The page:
- With any input gained from existing affiliates, explore possibilities for how your green team can best discern its call to make a contribution to the climate justice movement. In some instances, a new affiliate group may not make sense if another group already exists nearby. A green team might decide it can easily join that group’s activities. In other instances, a new affiliate group may be preferable, especially if joining another group is not practically feasible or conducive to facilitating active involvement in the movement. A third option also exists: In Bennington, Vermont, environmental advocates at Second Congregational Church UCC wear two hats. For environmental ministry that is internal to the church, they act as a green team known as the Earth Advocates. When they engage the outside world, they change hats to join with others in the broader community as part of the Bennington 350 affiliate group.
- Once a green team has discerned a call to actively partner with 350, then that green team can fill out the 350 affiliate application and send additional email notification to both Brooks Berndt, the Environmental Justice Minister for the UCC, and Masada Disenhouse, the 350 liaison to the UCC. Ultimately, we will want to find ways for UCC affiliates to share and learn from each other’s experiences, while providing helpful insights for future UCC affiliates.
From arrests in front of the White House for protesting the Keystone XL Pipeline to grassroots activism across the country, members of the United Church of Christ have often worked with 350.org in the pursuit of justice and shared goals. This informal, longstanding relationship is now being deepened through a pilot endeavor that encourages and invites UCC green teams to affiliate with 350 through the steps outlined in their affiliation process.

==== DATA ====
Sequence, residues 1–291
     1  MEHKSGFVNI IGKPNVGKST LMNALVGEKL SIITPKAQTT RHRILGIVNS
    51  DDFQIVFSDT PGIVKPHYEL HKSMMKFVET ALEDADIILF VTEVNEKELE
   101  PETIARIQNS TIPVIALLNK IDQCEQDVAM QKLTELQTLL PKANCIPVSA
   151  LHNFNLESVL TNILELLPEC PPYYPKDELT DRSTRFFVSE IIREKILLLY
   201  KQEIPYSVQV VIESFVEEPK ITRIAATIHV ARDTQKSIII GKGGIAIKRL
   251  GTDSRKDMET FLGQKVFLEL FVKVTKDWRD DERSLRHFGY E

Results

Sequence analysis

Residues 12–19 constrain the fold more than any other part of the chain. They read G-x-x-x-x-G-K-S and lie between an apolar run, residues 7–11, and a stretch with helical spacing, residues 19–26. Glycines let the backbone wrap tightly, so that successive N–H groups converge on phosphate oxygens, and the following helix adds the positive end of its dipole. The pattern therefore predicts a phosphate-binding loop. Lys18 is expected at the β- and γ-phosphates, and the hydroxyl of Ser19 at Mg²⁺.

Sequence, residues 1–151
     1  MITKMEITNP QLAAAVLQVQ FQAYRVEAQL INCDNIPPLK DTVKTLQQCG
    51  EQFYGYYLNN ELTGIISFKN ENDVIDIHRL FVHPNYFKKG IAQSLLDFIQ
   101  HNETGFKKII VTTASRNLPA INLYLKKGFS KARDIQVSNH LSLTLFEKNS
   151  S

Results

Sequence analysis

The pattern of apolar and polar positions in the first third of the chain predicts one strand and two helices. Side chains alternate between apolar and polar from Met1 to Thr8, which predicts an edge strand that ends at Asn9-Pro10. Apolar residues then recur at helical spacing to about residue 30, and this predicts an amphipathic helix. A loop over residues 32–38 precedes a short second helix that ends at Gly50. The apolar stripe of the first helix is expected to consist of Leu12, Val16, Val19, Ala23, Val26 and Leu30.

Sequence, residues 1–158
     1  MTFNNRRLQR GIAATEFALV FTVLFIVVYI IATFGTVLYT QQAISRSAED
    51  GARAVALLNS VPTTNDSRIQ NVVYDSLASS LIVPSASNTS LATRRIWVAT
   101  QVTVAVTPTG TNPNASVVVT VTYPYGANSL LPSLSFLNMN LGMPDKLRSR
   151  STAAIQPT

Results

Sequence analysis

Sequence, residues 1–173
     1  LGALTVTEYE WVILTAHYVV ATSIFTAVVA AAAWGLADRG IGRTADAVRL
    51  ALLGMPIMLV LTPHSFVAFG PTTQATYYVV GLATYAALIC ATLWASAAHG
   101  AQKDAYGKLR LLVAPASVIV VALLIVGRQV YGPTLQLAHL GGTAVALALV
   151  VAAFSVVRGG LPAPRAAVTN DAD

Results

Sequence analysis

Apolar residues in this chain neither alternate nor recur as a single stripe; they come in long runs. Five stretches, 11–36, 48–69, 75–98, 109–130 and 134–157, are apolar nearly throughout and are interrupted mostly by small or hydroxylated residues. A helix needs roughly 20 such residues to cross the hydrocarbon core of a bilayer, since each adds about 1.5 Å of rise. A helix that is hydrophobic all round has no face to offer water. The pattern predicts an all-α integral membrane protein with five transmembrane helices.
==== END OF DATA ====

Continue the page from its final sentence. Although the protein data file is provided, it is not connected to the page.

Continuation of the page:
In realizing that strength is found through partnership, the Council for Climate Justice of the United Church of Christ saw that this promising opportunity existed and could be potentially beneficial to both sides. As a global leader in the climate justice movement, 350.org is gifted with knowledgeable and talented organizers with a successful track record in taking action to bring about change. Such an organization could only enhance our denomination’s contributions to the larger movement. As a denomination with an active and growing network of climate justice advocates, we have an expansive reach in communities across the country. Moreover, we offer a unique voice rooted in our faith and history.
The UCC and 350 are well-suited for partnership because of our common values, historic commitments, and organizational structures. As the 350 Organizing Principles state, 350 holds justice as a core principle, stands in solidarity with the communities most impacted by climate change and fossil fuels, takes an approach that is inclusive and global in its concerns, and resolutely commits itself to seeking social change through nonviolent action. Such values align with the present purpose, vision, and mission of the UCC as well as our historic commitments, which include serving as the leading organizational force behind the birth of the environmental justice movement, becoming the first denomination to call for divestment from fossil fuels, and passing a 2015 resolution that seeks an immediate ban on fracking, the elimination of fossil fuel subsidies, and the rapid societal transition to renewable energy among other measures.
The potential for partnership is also furthered by compatible organizational structures. Both 350 and the UCC stress an organizational structure that simultaneously promotes autonomy and joint voluntary endeavors. Due to this harmony of approaches, UCC affiliates can maintain their distinct voice of faith in working within the larger, diverse and welcoming network of 350.
To confront a challenge as large as climate change will require new partnerships. Now is the time to explore possibilities for working together.
Green teams that are interested in exploring the opportunity of affiliating with 350 are encouraged to take four initial steps.
Marking the 35th Anniversary of the Warren County Civil Disobedience Campaign and the 30th Anniversary of the Toxic Wastes and Race Report